There’s an epidemic of childhood obesity but no agreement over what’s making kids fat. Is it eating too much junk food or spending too much time watching TV instead of exercising? Scientists have come up with a clever way to answer this question, by figuring out how many calories children and adults actually burn in the course of the day, then comparing that with how much Americans actually eat.
The comparison isn’t perfect; the calorie-burning was figured by actually testing 1,399 adults and 963 children to see how many calories they burn in a day, while the food intake was figured using the national food supply from the 1970s and the early 2000s. Researchers calculated what those adults and children should weigh today, based on the fact that people eat more on average now than 30 years ago. If the actual weights were lower than the projected number, that would mean that people now are getting more exercise than people did 30 years ago. If they weighed more, it would mean they are getting less exercise.
The adults did weigh less than projected, suggesting that they are getting more exercise than in years past. But children’s weights exactly matched the projected number, suggesting that it's not reduced physical activity that is the culprit in the youth obesity epidemic but rather the increased food intake. According to study author Boyd Swinburn, chair of population health and director of the World Health Organization’s Collaborating Centre for Obesity Prevention at Deakin University in Australia, the results indicate that exercise alone isn’t the solution.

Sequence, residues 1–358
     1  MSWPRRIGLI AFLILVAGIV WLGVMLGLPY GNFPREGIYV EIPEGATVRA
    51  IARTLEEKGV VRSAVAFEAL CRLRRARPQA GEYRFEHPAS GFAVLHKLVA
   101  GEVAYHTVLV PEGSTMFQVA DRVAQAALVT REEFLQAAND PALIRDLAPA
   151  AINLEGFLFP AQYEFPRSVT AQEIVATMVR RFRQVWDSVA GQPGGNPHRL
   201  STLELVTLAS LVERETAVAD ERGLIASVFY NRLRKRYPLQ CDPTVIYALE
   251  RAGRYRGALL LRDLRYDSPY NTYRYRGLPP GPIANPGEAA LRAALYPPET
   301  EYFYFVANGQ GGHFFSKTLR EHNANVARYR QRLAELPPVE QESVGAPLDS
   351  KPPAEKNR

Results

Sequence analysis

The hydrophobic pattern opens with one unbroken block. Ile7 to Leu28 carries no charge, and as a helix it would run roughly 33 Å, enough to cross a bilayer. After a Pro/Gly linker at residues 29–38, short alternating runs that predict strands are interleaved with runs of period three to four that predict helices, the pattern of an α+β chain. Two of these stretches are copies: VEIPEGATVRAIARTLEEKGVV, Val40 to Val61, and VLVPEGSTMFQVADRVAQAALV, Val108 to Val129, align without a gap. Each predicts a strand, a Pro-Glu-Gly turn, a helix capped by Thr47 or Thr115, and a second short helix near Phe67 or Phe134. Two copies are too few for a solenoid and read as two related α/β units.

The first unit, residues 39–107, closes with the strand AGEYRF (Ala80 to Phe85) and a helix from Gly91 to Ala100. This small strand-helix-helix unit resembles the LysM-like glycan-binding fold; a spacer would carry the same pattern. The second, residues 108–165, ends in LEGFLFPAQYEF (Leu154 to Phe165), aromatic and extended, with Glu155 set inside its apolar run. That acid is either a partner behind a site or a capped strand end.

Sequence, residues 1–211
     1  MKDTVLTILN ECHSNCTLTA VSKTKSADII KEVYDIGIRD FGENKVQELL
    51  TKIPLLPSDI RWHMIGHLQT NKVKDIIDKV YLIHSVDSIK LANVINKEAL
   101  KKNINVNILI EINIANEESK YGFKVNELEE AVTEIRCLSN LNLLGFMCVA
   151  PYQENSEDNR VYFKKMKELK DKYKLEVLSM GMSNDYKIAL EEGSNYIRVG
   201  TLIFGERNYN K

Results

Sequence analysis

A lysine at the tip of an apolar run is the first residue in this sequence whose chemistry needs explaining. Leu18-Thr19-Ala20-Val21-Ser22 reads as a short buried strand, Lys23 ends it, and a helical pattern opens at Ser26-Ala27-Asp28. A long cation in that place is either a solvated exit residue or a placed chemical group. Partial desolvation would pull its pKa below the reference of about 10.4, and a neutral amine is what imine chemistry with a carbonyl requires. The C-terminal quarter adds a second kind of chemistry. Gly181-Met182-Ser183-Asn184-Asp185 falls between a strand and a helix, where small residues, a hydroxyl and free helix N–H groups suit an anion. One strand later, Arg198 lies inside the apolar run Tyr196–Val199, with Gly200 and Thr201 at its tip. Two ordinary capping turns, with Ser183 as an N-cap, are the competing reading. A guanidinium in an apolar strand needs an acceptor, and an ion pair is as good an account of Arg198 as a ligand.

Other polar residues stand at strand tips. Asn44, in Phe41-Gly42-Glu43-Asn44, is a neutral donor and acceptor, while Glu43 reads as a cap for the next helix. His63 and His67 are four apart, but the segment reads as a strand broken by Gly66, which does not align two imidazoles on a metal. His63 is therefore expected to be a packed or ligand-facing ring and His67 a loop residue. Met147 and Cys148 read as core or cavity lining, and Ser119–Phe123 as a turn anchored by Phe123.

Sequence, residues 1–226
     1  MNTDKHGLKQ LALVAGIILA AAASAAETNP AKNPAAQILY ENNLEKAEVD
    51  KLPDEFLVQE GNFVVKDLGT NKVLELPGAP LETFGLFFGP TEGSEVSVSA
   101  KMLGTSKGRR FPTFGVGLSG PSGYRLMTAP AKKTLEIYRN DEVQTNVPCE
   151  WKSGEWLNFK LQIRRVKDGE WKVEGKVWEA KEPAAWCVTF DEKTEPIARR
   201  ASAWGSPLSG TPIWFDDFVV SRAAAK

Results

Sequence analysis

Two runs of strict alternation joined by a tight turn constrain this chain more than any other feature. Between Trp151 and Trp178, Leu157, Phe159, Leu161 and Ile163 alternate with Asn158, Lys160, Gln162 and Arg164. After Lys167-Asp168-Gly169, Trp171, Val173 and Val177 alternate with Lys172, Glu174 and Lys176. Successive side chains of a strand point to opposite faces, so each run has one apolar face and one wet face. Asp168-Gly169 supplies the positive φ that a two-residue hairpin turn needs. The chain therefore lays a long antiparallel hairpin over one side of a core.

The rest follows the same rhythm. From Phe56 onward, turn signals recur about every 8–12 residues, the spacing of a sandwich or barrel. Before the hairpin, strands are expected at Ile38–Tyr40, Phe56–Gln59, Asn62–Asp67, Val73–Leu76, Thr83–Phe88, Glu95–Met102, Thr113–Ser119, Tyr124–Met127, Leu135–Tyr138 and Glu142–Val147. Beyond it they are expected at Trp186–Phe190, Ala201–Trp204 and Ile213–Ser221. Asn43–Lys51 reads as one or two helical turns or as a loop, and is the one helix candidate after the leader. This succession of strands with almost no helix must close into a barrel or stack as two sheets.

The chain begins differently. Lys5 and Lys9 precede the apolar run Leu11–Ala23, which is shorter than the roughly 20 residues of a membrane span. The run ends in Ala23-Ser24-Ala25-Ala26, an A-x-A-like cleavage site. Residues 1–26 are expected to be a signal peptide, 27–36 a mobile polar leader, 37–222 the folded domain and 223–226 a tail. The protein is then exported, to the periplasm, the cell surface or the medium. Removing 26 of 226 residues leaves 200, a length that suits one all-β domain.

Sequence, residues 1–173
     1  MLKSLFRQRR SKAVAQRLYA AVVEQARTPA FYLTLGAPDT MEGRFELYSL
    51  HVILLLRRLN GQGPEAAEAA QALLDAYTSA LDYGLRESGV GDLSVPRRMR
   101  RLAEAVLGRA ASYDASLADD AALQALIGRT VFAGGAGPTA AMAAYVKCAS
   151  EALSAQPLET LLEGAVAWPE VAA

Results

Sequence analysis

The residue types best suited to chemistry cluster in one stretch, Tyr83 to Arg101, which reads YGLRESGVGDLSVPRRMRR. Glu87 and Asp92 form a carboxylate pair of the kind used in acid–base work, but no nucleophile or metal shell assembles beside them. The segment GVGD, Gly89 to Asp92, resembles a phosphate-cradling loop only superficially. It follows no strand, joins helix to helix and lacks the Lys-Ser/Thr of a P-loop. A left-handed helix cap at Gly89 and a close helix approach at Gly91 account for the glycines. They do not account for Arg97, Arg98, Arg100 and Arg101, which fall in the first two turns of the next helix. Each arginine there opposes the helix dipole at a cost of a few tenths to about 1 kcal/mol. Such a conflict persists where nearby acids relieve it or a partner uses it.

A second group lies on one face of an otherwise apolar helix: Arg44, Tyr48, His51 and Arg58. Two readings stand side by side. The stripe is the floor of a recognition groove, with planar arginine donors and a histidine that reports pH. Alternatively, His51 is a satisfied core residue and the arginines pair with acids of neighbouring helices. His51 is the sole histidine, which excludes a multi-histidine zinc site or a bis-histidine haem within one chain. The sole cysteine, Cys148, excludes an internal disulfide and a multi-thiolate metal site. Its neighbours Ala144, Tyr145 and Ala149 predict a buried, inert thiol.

Today’s children eat about 350 calories a day more than did kids in the 1970s, the equivalent of a small serving of french fries and a nondiet soda. Grown-ups eat about 500 calories more–about a hamburger’s worth. You could cut those calories by exercising more, of course, but that would require 150 minutes more of walking each day for a child and 110 minutes for adults. Not too realistic.
What’s more, extra PE time at school doesn’t increase children’s activity levels, according to another study. Instead, children who have more physical education class time tend to lounge more after school, and those who have less PE are more active at other times of the day. This is based on measuring children’s activities with pedometers for a week at a time in four consecutive school terms. Children seem to have an “activitystat” that remains constant for an individual over time. So scheduling more opportunities to exercise might not help fight obesity as much as public health advocates would like. Perhaps taking away those fries is the only option.
Related: I recently wrote about how to protect your child from metabolic syndrome, which can lead to heart disease and diabetes, and my colleague Katherine Hobson explains how Uncle Sam now says kids should exercise one hour a day; try tree-climbing! Here are 5 ways to get more play in your child’s day, plus advice from psychiatrist and play expert Stuart Brown.